Chapter 17 I started teaching again during the 1991 academic year. That same year the University changed its name to the University of Central Oklahoma. The one area that I felt was my weakness was in computer graphics so, as soon as I learned that I got the teaching position I contacted a friend/designer that I knew was on the forefront of computer technology and he advised me on my first Macintosh computer purchase. I remember vividly he said I would need the computer, of course, a scanner, a color monitor, an external storage system and a printer. The total package came to $12,000.00. A lot of money but in those days an entry-level typesetter cost about $50,000.00 so, this seemed like a bargain. The learning curve was steep for me. I was a person that shied away from technology and really enjoyed the old school methods. I didn’t even know how to type, and still don’t, which is painfully obvious as I hunt and peck my way through this book. My friend helped me hook everything up and showed me how to turn it on, but after that I was on my on. I enrolled in a local computer software class on PageMaker, which helped get me over the initial hump. Luckily, in my first semester I was scheduled to teach all traditional art classes, mostly beginning drawing. Once again, someone was looking out for me. This gave me a semester to get better on the computer. I realized after I was at school that they had two computer graphics classes, one was called Desktop Publishing and featured PageMaker and the other was called Computer Graphics and featured the drawing programs called FreeHand and Illustrator. I had acquired enough knowledge about PageMaker to make me dangerous, but I knew nothing about Freehand or Illustrator. At that time a company called Aldus distributed PageMaker and FreeHand. Illustrator was Adobe’s flagship software. I was scheduled to teach Computer Graphics in the spring semester, so I had a lot of work to do to get ready. I had always heard the old saying “If you want to really learn a subject teach it.” I found this to be true my first year teaching in North Carolina when I had to teach an Art History survey class. I was not particularly interested in art history as a student but when I taught it took on much more meaning for me and I learned far more than I had previously in all my Art History classes as a student. It proved true again in Computer Graphics. By the time the semester was over I felt very comfortable with the computer. Being back in a University setting was really good for my painting. I now had more time to devote to it and a purpose with a few shows like the annual faculty show, as well as the “Painted Photograph” show that Bill Wallo had originally asked me to participate in. I was also teaching at Oklahoma City University as an adjunct. At OCU I taught more fine art courses including painting.  At UCO, my full-time position, I taught graphic design classes. About two or three years into my new teaching duties, I felt completely comfortable with the Mac computer and its uses in the graphic design industry. At UCO, I took over the responsibility of trying to stay on top of the constantly changing world of technology. One of the areas we needed to improve was our printing capability. Advancements had been made to desktop printers and now there were color laser and inkjet printers that allowed the designer to produce pre-print comps that were comparable to finished offset prints. These printers allowed the designer to preview what the design would look like after printing. I saw a great need for this type of printer in the classroom. Graphic Design students rarely had the opportunity to see their projects printed and this fact definitely limited their abilities to produce visually exciting portfolios. I started trying to get one of these printers for our program and at the end of our budget year, the chair of the department, Dr. Hummel, told me that we had enough left in our budget to purchase one but that I had to get the estimate and purchase order complete and submitted that day. I started scrambling and called our local Xerox distributor and got an estimate. I quickly asked our secretary if she would type up the purchase order. I then walked it across campus and got the necessary signatures to complete the order. The model I chose was a Tektronix solid inkjet printer that was capable of printing on almost any paper in full color up to a tabloid (11”x17”) plus bleed making the largest paper size 12”x18”. For that time it was the perfect comp printer. It was a major purchase for us and cost over $9,000.00. It proved to be one of the most valuable purchases we ever made for our Design program. It immediately impacted the students and their ability to produce beautiful color comps of their work. Later that year, I was bragging about this printer to some of my colleagues from OU and OSU and they both said they had the same printer but it rarely got used. I later found out from students who transferred to our program that the reason they rarely used the printer was because it was hidden in a closet and no one showed them how to use it. I realized at that point that it didn’t matter how much technology a program owned, it was useless if the instructors didn’t incorporate it into the program. I committed at that point to stay on top of technology and make it available for student use. I truly think that this simple philosophy is one of the biggest differences in our program and one direct reason for its success. Shortly after we got the printer I started exploring the possibilities of using it for fine art prints. My education and background in fine art printmaking taught me that there were four primary types or methods of printmaking. They were: 1. Intaglio, where the ink was held below the surface of the plate as in etchings and engravings; my old favorite the collagraph fell into this category, 2. Relief, where the ink is held above the surface as in wood cuts, linoleum cuts and commercial letterpress, 3. Planography, where the ink is held on the surface or plane of the plate as in lithography, and 4. Stencil, where a stencil blocks the ink like silkscreen or serigraphy. After using the new printer I quickly realized that a new or fifth method, digital, could also be used. The only real problem was the inks these new printers used were not light fast and faded very quickly. I continued to experiment with this new process trying all sorts of homemade and purchased coatings to inhibit UV rays and retard the fading. The printing manufacturers were also working on a solution to this problem and within a couple of years came up with ink sets that were tested and rated for over 100 years, making them archival, in fact far more archival than traditional photographic prints. This new method of printing and the computer technology fit perfectly with the images and the collage process of my paintings. For the first time ever, I felt a direct connection with what I was doing on a large scale in my paintings and what I was doing on a smaller scale with limited edition printmaking. [caption id="attachment_906" align="aligncenter" width="744"]"Breaking Up Is Hard To Do" Mixed Media on Canvas 48"x66" "Breaking Up Is Hard To Do" Mixed Media on Canvas 48"x66"[/caption] [caption id="attachment_907" align="aligncenter" width="560"]"Orchid" Mixed Media on Canvas 54"x65" "Orchid" Mixed Media on Canvas 54"x65"[/caption] [caption id="attachment_908" align="aligncenter" width="570"]"Protea" Mixed Media on Canvas 60"x66" "Protea" Mixed Media on Canvas 60"x66"[/caption] Chapter 18 This brings me to the present, 44 years since I started this journey. After approximately the same number of years teaching as I had worked professionally as a graphic designer, I finally came to the conclusion that I no longer needed to include imagery in my paintings and prints. I had been working with floral images for about 14 years and realized that my abstract paintings from 30 years ago held the same properties of color, light and space as my newest paintings and the images were getting in the way. I was always trying to conform or have my work accepted and I think in a subconscious and even an occasional conscious way, I thought working with images in a more realistic fashion would achieve this. I now think I was wrong and who cares anyway! I am no longer fearful of conformation or being compared to other artists, styles or movements. I am no longer afraid of being cutting edge, traditional or any other label. I am just me and these are my paintings!   [caption id="attachment_909" align="aligncenter" width="576"]"Minions With Pink Ridges" Acrylic on Canvas 66"x90" "Minions With Pink Ridges" Acrylic on Canvas 66"x90"[/caption] [caption id="attachment_910" align="aligncenter" width="576"]"X Marks The Spot" Acrylic on Canvas 66"x66" "X Marks The Spot" Acrylic on Canvas 66"x66"[/caption] [caption id="attachment_911" align="aligncenter" width="656"]"Blue Hearts" Acrylic on Canvas 36"x48" "Blue Hearts" Acrylic on Canvas 36"x48"[/caption]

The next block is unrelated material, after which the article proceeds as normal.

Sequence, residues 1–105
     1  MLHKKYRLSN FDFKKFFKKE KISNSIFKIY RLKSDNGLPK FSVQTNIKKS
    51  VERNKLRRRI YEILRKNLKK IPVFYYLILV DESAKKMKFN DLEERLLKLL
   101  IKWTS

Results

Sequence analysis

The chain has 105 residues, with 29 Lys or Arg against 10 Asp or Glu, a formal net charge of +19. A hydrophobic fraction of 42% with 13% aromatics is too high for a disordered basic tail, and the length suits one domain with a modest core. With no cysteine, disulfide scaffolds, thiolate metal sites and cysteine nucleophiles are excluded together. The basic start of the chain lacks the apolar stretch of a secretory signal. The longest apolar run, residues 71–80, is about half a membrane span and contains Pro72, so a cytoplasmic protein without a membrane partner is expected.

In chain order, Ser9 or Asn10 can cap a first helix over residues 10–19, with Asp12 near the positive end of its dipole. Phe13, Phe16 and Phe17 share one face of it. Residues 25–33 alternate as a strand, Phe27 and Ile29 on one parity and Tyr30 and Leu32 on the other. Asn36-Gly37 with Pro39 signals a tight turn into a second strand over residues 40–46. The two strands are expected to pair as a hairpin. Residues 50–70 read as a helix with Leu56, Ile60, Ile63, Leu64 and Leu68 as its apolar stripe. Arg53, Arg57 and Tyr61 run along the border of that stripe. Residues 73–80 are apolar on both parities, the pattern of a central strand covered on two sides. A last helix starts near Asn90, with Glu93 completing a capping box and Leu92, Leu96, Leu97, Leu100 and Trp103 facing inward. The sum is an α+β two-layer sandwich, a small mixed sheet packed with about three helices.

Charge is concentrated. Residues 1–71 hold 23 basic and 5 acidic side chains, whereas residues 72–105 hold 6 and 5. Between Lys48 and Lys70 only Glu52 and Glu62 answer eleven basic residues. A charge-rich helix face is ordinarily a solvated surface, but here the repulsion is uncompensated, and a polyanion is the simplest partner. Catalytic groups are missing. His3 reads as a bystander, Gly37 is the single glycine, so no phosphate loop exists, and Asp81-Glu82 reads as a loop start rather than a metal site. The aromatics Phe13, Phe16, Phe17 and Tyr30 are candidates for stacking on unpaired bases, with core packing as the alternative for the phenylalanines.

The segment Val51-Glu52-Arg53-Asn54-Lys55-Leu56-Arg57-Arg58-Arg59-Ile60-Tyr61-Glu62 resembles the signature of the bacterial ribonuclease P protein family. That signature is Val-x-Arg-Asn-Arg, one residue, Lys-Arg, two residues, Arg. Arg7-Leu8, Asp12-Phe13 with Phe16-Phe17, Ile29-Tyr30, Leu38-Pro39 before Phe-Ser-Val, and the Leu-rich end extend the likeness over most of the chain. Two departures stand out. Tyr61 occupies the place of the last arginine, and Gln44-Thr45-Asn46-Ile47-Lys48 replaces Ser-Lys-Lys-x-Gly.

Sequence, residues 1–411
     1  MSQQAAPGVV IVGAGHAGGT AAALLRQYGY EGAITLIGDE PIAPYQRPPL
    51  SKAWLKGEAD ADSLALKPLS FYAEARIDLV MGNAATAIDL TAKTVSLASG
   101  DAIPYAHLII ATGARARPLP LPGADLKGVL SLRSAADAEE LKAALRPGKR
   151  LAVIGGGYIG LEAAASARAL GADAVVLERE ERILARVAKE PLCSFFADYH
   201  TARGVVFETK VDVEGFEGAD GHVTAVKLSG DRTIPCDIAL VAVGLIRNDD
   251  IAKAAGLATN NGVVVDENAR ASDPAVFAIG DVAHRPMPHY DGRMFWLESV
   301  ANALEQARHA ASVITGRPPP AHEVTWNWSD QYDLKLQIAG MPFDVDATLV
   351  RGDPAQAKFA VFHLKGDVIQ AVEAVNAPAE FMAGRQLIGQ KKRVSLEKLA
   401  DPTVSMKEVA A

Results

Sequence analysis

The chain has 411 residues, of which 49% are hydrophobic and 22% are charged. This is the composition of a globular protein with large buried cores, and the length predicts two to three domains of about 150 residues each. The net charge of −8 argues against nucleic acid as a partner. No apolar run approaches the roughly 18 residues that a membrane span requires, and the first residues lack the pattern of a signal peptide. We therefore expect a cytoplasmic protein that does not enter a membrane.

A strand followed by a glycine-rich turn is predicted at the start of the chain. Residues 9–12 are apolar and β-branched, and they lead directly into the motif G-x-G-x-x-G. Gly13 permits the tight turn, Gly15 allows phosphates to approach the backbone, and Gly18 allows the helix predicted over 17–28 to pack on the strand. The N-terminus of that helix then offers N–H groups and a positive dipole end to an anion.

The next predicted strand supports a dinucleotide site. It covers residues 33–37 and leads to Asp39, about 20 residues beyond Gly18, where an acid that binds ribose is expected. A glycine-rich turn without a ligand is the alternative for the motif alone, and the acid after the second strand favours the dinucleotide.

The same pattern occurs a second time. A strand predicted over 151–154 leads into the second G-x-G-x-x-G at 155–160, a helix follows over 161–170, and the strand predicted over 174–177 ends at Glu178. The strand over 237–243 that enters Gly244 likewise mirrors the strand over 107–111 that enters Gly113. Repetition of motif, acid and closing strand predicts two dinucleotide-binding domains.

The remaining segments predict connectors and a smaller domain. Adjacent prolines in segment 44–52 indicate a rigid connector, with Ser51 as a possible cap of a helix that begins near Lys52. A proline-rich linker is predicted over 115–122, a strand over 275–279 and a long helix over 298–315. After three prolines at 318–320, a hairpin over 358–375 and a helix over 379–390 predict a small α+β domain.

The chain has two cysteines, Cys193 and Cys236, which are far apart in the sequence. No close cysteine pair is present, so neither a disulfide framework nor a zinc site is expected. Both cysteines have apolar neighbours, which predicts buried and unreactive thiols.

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Route 44 – Journey – Chapter 6, 7 & 8